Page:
T: Desktop publishing
1 The first stage in the old method of preparing INFO was the gatheringtogether of all text, photographs and graphics which would make up the bulk ofthe magazine. The next step was marking the text for the printer---a ratherlaborious, and occasionally hit-and-miss affair! In essence, this meant judgingthe approximate length of the articles and choosing appropriate print sizes andstyles (fonts). The appropriately marked pages were then sent to the printer fortype-setting. The end-product of this type-setting phase is called a galley andtakes the form of continuous columns on long sheets of paper.
2At this stage the fun begins! All the columns of text have to be cut andmanually pasted onto sheets of paper marked out in columns, to give the layoutfor each page of the magazine. If one had misjudged the length of text at thetype-setting phase, then screams of agony would mingle the pervading smell ofglue in the editorial offices as a very stressed editor wrangles bits of textand photographs. The flexibility of this old system was very limited, pagelayout was largely pre-determined and type-setting errors meant long andtime-consuming proof-reading, both at the galley stage and at the final pageproof stage. An additional problem with the old method is the length of timebetween the copy date (stage 1) and the publication of the magazine (about sixweeks for INFO).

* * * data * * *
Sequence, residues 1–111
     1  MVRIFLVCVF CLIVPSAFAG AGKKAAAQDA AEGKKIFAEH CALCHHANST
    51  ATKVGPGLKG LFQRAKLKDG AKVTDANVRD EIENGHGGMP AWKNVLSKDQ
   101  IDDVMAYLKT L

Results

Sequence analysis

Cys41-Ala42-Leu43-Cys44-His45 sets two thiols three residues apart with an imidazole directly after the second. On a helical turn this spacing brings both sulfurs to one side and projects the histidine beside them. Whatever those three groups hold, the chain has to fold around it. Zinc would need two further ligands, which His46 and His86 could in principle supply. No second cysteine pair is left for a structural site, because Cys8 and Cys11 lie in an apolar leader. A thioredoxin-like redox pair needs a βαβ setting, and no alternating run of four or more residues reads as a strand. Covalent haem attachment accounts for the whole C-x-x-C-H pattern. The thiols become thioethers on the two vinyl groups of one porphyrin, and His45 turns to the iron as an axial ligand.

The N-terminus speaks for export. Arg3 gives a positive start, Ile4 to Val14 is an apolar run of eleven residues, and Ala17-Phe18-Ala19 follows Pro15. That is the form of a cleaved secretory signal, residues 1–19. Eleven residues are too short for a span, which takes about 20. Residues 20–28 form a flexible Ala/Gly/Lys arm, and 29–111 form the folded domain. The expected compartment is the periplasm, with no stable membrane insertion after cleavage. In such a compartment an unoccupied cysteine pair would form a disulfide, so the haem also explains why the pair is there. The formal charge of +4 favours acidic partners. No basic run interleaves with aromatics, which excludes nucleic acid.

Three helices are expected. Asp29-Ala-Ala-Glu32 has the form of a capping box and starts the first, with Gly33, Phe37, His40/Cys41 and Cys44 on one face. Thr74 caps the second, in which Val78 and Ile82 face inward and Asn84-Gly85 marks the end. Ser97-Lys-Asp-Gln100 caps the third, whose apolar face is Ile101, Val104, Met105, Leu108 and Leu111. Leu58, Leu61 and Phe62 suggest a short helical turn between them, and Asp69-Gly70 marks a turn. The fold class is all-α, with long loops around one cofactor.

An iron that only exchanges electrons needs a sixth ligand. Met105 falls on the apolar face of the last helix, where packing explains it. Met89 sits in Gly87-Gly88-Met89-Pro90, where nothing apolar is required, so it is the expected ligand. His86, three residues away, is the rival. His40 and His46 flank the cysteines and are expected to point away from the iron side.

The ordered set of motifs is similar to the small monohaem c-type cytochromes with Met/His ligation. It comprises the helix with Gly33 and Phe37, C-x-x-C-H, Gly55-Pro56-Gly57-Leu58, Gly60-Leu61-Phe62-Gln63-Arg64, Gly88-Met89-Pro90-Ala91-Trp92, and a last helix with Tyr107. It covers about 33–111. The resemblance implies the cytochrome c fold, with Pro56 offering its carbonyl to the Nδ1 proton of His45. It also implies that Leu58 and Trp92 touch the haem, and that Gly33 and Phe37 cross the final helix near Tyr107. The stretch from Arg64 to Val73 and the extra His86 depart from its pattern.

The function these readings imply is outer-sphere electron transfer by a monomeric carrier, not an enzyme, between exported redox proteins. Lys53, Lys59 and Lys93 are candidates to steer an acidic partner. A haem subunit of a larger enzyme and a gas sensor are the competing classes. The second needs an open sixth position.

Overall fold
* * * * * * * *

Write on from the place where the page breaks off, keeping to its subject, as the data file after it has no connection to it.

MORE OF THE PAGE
Desktop publishing made our life a lot easier. Now with our new system,we first type the text of the article on an ordinary word-processing package(MultiMate Advantage II is used but any other package is usable) or we ask ourcontributors to send us their article on a disk, typed with almost any wordprocessor on an IBM or compatible PC computer. The second stage is to design thepage frame, i.e. size, number of columns and margins. We then place the text inthe page with an easy command called “Autoflow”.
3 The third stage is the design of the layout: placing illustrations andchoosing the most suitable typeface. At the last stage, we print the articles onthe laser printer and pass them on to colleagues to be proof-read. After makingall corrections, the files containing our next INFO are copied on to a disk andsent to our printers for publication.